First responders urge Congress to invest in updating emergency communications systems

Our 911 call centers and communications systems are critical in helping people during emergency situations, but many challenges remain, particularly when it comes to keeping up with technology.

Members of a House panel heard directly from first responders and law enforcement about what still needs to be done to improve emergency communications.

“Challenges in operability and inter-operability still persist and our aging 911 infrastructure poses additional vulnerabilities,” said Rep. Val Demings (D-Florida), chair of the Subcommittee on Emergency Preparedness, Response & Recovery.

“Without critical information coming in, it is very difficult to make informed life-saving critical decisions,” said Rep. Kat Cammack (R-Florida), ranking member of the subcommittee.

Witnesses said while emergency communications have improved significantly since the failures during the September 11, 2001 terror attacks, many systems remain outdated.

“There is still more to be done,” said Captain Mel Maier with the Oakland County Sheriff’s Office in Michigan. “We need to meet the needs and expectations of the American people in the 21st century.”

In August, there were 911 call center outages in Louisiana after Hurricane Ida.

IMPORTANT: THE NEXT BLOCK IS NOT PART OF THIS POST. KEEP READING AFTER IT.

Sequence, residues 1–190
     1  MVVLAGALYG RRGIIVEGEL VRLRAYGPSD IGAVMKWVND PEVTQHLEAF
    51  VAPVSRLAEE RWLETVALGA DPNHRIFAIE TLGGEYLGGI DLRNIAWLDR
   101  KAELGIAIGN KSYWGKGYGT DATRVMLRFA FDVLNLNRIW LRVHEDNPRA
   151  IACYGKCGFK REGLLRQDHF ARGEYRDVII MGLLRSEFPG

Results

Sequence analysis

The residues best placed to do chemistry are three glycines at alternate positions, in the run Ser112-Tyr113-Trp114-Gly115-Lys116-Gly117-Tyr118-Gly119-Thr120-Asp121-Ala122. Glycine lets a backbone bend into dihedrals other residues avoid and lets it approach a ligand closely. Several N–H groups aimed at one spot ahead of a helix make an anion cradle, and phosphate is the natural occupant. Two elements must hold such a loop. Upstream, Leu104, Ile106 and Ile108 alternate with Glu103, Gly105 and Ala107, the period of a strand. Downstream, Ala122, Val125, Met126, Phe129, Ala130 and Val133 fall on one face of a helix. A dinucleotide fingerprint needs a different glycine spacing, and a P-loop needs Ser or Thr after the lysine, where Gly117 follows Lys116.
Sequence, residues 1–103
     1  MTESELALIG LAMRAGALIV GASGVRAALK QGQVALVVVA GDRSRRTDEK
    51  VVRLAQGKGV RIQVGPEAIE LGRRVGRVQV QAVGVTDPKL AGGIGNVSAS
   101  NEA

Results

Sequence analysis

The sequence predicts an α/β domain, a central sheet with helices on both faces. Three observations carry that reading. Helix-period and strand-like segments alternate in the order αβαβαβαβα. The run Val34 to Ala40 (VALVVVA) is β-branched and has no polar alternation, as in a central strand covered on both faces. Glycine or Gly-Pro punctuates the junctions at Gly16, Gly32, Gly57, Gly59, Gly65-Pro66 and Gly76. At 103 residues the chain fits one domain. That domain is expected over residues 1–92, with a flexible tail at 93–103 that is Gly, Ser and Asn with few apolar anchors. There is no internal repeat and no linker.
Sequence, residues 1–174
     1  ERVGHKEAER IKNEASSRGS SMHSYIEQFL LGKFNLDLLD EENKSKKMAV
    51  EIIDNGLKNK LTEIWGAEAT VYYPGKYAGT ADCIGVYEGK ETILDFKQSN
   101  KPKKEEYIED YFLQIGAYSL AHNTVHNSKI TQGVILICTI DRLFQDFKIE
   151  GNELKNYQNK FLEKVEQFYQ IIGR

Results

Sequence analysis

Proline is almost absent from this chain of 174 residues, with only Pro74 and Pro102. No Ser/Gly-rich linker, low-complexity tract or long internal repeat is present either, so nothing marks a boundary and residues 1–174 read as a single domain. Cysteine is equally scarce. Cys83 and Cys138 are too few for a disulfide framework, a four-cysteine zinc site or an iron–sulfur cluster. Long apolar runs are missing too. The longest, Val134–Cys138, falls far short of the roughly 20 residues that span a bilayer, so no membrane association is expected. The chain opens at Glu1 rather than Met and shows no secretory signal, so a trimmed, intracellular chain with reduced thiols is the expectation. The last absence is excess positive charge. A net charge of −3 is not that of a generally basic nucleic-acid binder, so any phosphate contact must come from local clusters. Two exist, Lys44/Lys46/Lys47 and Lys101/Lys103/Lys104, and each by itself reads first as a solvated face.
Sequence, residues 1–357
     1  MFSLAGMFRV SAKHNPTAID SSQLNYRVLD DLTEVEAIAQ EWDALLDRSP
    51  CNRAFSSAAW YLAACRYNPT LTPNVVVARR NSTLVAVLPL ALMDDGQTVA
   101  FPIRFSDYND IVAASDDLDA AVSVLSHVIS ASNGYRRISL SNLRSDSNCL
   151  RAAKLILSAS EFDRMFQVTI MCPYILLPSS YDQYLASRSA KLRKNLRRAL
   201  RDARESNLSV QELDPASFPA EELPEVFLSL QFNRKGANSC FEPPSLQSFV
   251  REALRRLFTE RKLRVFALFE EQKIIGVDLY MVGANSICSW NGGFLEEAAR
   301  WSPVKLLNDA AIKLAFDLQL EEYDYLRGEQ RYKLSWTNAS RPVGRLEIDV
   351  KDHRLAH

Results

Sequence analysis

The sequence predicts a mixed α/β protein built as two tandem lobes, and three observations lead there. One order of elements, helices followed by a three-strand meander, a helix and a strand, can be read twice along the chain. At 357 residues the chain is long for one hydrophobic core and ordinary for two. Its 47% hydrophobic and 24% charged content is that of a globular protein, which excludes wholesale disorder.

Lawmakers also heard about gaps in coverage for rural areas where many of the agencies have limited funding.

“We currently use an antiquated radio system which is based on technology developed during the second World War,” said Sheriff Homer “Gator” Deloach, from the Putnam County Sheriff’s Office in Florida.

Fire and law enforcement agencies urged Congress to invest more funding in training, updated equipment and for overall improvements to communications systems.

They pointed to the success of several grant programs formed after the 9/11 terror attacks.

“These grants incentivize first responders across jurisdictions to collaborate before, during and after an incident,” said Chris Lombard, deputy chief with the Seattle Fire Department. “This coordination reduces confusion and directly saves lives.”